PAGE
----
Seed-Borne Mycoflora of Seven Tomato Cultivars From Oyo and Kaduna States in Nigeria.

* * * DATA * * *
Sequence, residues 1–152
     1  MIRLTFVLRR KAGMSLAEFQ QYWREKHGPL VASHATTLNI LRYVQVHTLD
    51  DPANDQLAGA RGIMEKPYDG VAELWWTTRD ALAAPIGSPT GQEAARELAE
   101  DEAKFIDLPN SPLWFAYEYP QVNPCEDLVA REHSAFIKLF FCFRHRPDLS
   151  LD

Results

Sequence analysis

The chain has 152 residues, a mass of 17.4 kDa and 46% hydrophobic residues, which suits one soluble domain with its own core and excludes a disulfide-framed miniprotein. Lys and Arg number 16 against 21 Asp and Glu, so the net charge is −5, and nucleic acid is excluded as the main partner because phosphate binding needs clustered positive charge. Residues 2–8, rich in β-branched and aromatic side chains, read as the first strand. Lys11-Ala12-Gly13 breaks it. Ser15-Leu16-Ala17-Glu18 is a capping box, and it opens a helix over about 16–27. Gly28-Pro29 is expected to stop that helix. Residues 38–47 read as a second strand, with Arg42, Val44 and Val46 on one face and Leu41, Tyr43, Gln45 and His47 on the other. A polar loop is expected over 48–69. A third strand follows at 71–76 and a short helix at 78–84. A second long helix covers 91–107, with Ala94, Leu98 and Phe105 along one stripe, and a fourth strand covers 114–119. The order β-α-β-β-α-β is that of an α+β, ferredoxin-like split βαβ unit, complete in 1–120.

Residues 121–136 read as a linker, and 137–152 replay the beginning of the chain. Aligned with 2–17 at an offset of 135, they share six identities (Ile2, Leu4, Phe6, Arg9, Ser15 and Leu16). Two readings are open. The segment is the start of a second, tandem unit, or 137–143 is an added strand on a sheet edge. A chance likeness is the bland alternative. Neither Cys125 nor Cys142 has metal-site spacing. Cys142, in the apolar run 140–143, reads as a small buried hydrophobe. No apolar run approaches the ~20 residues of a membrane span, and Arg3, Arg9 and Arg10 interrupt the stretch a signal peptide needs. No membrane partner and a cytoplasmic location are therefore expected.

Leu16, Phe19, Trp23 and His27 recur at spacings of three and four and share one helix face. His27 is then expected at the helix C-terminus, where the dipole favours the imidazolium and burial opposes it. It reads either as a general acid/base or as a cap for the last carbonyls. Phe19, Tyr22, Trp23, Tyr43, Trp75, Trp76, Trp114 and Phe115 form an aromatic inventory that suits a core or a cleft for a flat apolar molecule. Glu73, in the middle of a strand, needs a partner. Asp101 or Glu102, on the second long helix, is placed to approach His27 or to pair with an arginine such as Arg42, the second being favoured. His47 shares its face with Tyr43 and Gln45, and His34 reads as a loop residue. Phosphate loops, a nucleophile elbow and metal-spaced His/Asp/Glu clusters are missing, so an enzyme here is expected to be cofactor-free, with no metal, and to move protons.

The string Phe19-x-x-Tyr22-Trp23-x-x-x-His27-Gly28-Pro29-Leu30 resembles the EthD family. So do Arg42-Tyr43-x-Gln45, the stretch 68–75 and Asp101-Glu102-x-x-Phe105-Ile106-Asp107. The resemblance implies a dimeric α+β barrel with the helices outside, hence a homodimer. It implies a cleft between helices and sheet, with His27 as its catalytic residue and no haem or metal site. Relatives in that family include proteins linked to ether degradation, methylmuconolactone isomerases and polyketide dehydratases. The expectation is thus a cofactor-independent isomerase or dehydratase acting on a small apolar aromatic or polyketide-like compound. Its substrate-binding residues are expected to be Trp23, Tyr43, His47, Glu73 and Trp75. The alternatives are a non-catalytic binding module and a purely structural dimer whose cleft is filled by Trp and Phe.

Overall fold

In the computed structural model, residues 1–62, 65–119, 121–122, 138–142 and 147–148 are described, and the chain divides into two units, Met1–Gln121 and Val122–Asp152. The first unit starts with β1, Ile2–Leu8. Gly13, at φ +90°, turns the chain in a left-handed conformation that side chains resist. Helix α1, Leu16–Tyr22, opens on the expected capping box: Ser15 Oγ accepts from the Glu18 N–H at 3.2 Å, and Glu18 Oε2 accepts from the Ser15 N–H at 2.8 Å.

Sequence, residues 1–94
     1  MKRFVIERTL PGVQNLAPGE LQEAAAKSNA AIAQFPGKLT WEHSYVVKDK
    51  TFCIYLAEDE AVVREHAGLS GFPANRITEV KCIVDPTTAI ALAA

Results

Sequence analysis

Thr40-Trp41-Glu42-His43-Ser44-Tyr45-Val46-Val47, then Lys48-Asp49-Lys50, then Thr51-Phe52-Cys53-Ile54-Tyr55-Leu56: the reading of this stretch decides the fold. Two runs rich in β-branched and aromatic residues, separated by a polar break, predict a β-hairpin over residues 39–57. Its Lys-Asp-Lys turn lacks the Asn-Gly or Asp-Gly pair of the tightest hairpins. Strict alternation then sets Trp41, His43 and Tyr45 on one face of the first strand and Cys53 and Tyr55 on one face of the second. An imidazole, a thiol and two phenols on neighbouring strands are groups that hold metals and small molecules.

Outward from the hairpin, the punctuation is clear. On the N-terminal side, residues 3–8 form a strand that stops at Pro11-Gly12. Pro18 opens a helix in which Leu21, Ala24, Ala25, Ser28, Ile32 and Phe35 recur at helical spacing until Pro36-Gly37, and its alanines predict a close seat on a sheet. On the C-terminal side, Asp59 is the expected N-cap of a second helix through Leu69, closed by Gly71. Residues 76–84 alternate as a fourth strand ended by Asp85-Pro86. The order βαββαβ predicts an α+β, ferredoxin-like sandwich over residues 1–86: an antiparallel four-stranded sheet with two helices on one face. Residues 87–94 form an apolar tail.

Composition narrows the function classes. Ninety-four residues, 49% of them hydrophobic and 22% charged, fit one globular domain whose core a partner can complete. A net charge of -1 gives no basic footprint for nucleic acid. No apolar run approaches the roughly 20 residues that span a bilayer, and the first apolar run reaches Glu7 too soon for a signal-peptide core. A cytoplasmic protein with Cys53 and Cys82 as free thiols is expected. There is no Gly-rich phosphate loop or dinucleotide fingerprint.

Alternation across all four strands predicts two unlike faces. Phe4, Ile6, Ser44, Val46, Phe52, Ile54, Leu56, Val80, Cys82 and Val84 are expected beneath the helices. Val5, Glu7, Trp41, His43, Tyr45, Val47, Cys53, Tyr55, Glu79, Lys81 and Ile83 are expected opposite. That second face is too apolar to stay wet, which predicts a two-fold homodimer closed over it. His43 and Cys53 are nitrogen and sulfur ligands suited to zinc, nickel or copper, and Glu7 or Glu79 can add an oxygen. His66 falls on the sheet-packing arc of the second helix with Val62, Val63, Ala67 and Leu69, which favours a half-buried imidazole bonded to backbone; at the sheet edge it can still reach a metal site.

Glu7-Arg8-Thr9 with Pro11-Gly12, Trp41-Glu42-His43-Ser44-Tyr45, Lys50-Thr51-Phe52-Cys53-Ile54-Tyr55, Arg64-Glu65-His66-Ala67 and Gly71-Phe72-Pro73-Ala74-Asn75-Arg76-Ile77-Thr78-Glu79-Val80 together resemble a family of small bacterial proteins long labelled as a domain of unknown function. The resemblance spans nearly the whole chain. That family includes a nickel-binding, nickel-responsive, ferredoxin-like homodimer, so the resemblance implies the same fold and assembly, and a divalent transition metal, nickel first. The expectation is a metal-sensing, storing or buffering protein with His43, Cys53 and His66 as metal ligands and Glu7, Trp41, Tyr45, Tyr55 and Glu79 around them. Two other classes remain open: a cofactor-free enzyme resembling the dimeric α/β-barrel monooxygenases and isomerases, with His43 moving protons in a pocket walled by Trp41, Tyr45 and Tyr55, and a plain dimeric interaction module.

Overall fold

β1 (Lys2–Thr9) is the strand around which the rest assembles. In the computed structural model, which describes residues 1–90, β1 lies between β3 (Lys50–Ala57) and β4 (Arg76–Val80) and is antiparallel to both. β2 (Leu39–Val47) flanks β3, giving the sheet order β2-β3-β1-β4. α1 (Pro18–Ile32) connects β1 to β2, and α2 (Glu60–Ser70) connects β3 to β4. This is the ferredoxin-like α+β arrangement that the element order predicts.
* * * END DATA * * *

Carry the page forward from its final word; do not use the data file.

Seven tomato seed cultivars from Oyo and Kaduna States in Nigeria that had been stored for various periods were treated with and without surface-sterilization for seed-borne fungi. The experiment was completely randomized design with five replicates per cultivar and fifty seeds per replicate, using blotter method. The seeds were incubated under an alternating cycle of 12 hours near ultra-violet light and 12 hours darkness for seven days. Germination counts after the incubation were 20.40% to 76.40%. On the surface –sterilized seeds, Aspergillus flavus and Fusarium moniliforme ranked first in dominance, following (second) were Aspergillus niger and Curvularia pallescens and third was Cocliobolus lunatus. Ranking fourth were Fusarium solani, Thielavia terricola and Verticillium sp. Eight fungi namely Aspergillus terreus, Cercospora sp. Curvularia senegalensis, Fusarium equiseti, Fusarium pallidoroseum, Pitomyces chartarum, Trichoderma sp. and Trichothecium sp., each occurred only on one cultivar. Pitomyces chartarum, Thielavia terricola and Trichothecium are new records of seed-borne fungi of tomato in Nigeria. External contaminants on seeds that were not surface-sterilized were Chaetomium nigricolor, Choanephora sp. Cladosporium sp. Penicillium sp., Phoma sp. and Rhizopus nigricans. Seed-borne fungi as agents of disease, seed treatment with Bioagents or Antagonistic microbes as a vital or compulsory step in tomato crop improvement which is eco-friendly and enhancing crop development, as well as emphasis to curtail the species of the Aspergilli that have inhibited maximum yield potential of tomato for some decades in South West Nigeria is discussed.
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